Tag Archives: problem solving

Ants, Advertising and Better Decision Making

Inside view of an ant’s brain

What’s the best way to make a decision? Should you go rogue, or consult with a group? New research about ants gives insight into decision making that you can tryout with picking movies or cracking a gnarly marketing problem.

Popping up an idea into a bold advertising campaign, for example, requires dozens if not hundreds and thousands of decisions. Clients, writers, art directors, account managers, photographers, and animators make them individually or collectively.

Going solo, the psychological impact of excessive choice is overwhelming and counterproductive to decision making. This is why we sometimes settle for the tried and true, like ordering the same latte every day, because you don’t have time to explore the other 40 options.

For people in advertising, especially, settling is not an option. The same old, same old, doesn’t work. So how can we make better creative decisions?

For better results, act like an ant.

By studying ants, Temnothorax rugatulusants, Scientists at the Arizona State University showed that six-legged creatures are just as vulnerable to information overload as we are.

In the experiment, a single ant, and then a colony of ants were unleashed to find the most suitable of eight possible nests. The ants had to consider a number of variables, including the size and darkness of the prospective dwelling, and the characteristics of, and the and opening to their nests, and the size of the opening. In other words, house hunting.

Single ants made poor choices 50% of the time. But the group of ants shared Intel through scents and made better decisions. It’s fascinating that the ants were able to synthesize, when only one had visited all eight nests. “One of them visited all eight nests, but most colony members visited only one or two nests, said Dr. Takao Sasaki, an assistant professor in ASU’s School of Life Sciences.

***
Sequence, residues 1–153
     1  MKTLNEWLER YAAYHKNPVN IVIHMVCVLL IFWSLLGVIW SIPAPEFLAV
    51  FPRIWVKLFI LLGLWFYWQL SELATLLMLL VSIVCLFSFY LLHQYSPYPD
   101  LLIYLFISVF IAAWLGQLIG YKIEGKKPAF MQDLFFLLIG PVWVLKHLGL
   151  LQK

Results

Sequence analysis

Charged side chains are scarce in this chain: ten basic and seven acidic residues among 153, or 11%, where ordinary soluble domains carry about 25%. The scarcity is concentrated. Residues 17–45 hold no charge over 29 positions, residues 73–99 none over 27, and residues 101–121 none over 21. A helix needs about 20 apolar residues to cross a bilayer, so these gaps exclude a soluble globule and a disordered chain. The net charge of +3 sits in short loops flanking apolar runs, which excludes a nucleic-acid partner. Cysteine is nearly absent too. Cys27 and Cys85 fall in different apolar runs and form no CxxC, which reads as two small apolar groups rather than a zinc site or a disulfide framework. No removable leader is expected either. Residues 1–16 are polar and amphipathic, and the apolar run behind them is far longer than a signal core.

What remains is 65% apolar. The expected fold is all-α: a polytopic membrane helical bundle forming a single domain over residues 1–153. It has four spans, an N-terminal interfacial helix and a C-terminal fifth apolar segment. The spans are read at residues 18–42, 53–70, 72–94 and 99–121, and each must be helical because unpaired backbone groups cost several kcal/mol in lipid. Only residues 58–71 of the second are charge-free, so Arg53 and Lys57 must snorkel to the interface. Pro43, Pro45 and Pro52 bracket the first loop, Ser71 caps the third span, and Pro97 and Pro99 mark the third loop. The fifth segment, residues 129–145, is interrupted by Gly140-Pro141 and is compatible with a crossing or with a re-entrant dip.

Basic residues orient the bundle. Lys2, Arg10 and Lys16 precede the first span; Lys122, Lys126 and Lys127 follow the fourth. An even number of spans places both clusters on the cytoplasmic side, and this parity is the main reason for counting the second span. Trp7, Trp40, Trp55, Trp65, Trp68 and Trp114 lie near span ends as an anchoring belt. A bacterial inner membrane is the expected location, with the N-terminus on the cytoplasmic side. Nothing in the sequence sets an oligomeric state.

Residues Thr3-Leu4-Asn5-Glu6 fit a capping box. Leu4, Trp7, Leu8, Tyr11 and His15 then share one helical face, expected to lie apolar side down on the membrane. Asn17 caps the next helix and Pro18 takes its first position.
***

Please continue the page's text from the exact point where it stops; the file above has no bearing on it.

“What we really want is a more complete understanding as to how this society works as a kind of distributed brain,” said co-researcher and associate professor Stephen Pratt. He further suggests that this type of “distributed brain” may have uses in robotics. Our brains work in a similar way. The frontal cortex takes charge of problem solving after considering decisions made by other parts of the brain.

The downside of collective decision-making is speed, and potential group think. But if you’re ultimate goal is to make an important choice, you’ll do better if you listen to the IT guy, engineering, marketing, and customers, and, of course, the ad agency. None of them will have the complete picture, but exposing additional facets, facts, and conclusions will result in better decision.

In a complex, technological society, no one can has all the answers. So, instead of squishing the next ant you see, you might want to start acting like one.

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Brain Stuck in the Mud? Redefine Your Problem.

Has your latest round of ideas crashed, burned and scraped? Take a new look at your problem with a technique called reframing.

Researchers at Cornell and the University of Chicago, for example, reframed the problem of creating robotic hands, which are
notorious for dropping things. Instead of mimicking human hands, they reframed the hand problem as finding a way to reliably grip objects.
The Universal Jamming Gripper is a plain latex balloon filled with coffee grounds. Its lowered over an object, e.g. a pair of scissors, and the pneumatic pump
sucks the air out of the balloon that makes the coffee grounds rigid, and enables it to pick up odd shaped objects, small pyramids, and a coffee mug. Occam’s Razor rules again.

[youtube http://www.youtube.com/watch?v=Rna03IlJjf8&w=480&h=360]

Reframing starts with letting go of your previous ideas and assumptions, and redefining a problem. For example, drinking a cup of coffee turns into finding an efficient way to get caffeine into your system. Other good questions to ask are:

  • Why are we thinking about this anyway?
  • What will happen if we don’t solve this problem? What will we do then?
  • Let’s solve that problem.
  • Instead of retooling products for existing customers, find customers that match your existing products.
  • Or, instead of balancing a budget by nibbling away at line items, why not find a new job?

So next time your brain is stuck in the mud, redefine your problem and find a better solution. Your team will be happier, and you won’t come up with a robotic hand covered in mud.

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